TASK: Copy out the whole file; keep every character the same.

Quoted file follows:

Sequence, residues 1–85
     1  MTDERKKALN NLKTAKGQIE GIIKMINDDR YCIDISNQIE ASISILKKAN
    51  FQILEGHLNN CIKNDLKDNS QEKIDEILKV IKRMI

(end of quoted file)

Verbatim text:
Sequence, residues 1–85
     1  MTDERKKALN NLKTAKGQIE GIIKMINDDR YCIDISNQIE ASISILKKAN
    51  FQILEGHLNN CIKNDLKDNS QEKIDEILKV IKRMI